First of all, yes the Gulf oil spill is a terrible natural disaster and will divert resources inefficiently as a result of having to clean up the mess. With that said, anyone who believes any behaviors of man come without risk is blind to human nature and man's fallibility.
When Pete DuPont in the Wall Street Journal said:
"[On] April 20 an oil rig explosion in the Gulf of Mexico caused a leak of about 210,000 gallons a day--nearly five million gallons by now--into the ocean, and it may be several weeks or longer before it is capped and the leakage controlled. The current Gulf spillage is already almost half of the spillage from the 1989 Exxon-Valdez oil spill off the coast of Alaska which amounted to about 11 million gallons, so it is a serious pollution problem."I wondered what the ratio of oil to water was in the Gulf of Mexico. In order to get a more rational understanding of the impact of the oil spill I did some math (with the help of my most nerdy students). The numbers might put some perspective on the situation.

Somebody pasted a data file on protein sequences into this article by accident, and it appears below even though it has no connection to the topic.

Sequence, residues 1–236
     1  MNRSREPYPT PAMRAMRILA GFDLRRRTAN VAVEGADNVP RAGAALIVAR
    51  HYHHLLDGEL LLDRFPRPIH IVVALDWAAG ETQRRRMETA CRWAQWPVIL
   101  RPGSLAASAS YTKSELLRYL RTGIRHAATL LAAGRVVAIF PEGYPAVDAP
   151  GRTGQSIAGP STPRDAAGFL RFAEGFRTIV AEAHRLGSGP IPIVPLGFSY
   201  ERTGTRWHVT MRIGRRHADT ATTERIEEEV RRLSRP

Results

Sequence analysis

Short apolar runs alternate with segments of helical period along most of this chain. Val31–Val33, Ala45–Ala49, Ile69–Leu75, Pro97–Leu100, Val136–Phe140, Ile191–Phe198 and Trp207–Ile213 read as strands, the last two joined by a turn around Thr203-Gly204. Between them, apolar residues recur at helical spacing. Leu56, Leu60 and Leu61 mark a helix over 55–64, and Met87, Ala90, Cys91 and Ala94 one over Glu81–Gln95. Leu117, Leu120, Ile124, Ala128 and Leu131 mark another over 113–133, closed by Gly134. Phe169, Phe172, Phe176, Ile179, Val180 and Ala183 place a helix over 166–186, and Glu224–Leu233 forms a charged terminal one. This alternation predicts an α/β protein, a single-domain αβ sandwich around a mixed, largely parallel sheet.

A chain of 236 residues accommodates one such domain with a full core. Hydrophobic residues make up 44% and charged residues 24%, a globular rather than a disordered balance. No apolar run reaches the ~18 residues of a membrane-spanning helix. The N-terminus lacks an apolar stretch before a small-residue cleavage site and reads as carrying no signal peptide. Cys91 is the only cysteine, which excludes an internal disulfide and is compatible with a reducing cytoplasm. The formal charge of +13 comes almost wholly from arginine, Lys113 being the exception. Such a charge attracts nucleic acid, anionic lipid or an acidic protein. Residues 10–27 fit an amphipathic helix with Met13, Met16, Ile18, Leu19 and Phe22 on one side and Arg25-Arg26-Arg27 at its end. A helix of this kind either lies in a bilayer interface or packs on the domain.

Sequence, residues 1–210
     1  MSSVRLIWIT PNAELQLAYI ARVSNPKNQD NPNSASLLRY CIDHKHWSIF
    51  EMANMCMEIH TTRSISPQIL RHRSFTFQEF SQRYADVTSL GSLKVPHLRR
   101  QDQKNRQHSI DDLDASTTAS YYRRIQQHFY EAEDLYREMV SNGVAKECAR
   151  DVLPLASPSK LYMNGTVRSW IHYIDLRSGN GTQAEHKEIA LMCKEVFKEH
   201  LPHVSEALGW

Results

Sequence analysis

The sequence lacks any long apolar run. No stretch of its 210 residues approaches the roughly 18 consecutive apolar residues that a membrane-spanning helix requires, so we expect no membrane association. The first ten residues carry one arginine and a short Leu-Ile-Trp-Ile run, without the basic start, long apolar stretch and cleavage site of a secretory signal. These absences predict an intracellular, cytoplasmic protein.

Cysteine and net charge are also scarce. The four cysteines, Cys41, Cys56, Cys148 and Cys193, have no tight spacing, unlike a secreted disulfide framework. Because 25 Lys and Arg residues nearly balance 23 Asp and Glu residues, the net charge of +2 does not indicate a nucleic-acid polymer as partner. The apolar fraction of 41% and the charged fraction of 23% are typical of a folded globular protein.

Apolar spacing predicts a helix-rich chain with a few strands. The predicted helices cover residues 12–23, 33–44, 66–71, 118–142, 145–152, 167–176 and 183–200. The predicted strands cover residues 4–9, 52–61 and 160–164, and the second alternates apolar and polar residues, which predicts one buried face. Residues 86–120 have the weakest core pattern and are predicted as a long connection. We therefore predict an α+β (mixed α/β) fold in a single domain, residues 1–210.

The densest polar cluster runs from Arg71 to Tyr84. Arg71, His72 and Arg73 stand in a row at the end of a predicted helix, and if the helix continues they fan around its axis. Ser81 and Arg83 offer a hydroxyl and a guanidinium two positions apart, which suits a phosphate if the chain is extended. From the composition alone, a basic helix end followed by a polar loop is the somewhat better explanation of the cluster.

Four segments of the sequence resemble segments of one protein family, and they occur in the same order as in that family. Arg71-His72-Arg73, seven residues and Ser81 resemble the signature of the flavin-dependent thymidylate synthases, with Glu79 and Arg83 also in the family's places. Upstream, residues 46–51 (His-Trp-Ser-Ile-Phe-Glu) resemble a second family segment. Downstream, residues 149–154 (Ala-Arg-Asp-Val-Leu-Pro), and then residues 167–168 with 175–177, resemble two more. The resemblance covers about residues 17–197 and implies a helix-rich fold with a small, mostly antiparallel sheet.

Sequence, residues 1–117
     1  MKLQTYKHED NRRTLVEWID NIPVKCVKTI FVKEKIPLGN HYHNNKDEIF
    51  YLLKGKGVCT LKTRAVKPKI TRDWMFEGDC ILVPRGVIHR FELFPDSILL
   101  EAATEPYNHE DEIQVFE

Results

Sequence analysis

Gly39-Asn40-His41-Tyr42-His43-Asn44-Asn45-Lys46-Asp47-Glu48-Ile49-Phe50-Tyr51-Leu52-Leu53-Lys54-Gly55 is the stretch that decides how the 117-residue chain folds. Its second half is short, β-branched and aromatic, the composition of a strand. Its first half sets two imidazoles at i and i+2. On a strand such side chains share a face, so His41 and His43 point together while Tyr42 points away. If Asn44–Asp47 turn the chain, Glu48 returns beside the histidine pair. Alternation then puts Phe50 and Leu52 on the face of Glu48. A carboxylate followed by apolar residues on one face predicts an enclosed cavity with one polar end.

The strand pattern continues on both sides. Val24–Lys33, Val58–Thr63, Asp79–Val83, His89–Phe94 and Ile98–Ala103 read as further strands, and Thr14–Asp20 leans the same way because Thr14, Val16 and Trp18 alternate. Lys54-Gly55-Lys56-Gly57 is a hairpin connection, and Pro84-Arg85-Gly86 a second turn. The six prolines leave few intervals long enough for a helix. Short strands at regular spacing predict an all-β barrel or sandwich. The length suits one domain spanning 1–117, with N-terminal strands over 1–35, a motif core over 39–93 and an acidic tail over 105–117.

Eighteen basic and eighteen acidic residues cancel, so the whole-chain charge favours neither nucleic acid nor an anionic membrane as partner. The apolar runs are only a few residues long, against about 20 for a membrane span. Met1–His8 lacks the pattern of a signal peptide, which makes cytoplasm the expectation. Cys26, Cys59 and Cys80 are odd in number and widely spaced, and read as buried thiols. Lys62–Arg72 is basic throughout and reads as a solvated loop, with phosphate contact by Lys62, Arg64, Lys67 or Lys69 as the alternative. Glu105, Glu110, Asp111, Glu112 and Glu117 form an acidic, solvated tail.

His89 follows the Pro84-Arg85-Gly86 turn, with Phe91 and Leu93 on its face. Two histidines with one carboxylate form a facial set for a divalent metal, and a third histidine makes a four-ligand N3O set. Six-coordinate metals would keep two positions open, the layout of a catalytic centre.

The general consensus is that 5 million total gallons of oil have spilled so far.
The concise Brittanica Encyclopedia estimates the Gulf of Mexico to be 5.3 X 10 E 17 US Gallons or
This equals 106,000,000,000 or 106 billion gallons of water in the Gulf for every gallon of oil spilled.
or to think in opposite terms:
.000,000,000,009 % or 943 trillionths of a gallon of oil for every gallon of water in the Gulf of Mexico
Even if we take the very expansive U.C. Berkley/Columbia University estimates of the amount of oil being spilled, the numbers are: 1.89 billionths of a gallon of oil for every gallon of water in the Gulf.
I wonder what would happen to my soup on the stove if I added 943 trillionths of any substance to my gallon of water?
Would the "soup/environment" be destroyed?
Maybe it is time to take a deep breath, and move forward with some common sense rationality in dealing and reporting about the oil spill in the Gulf.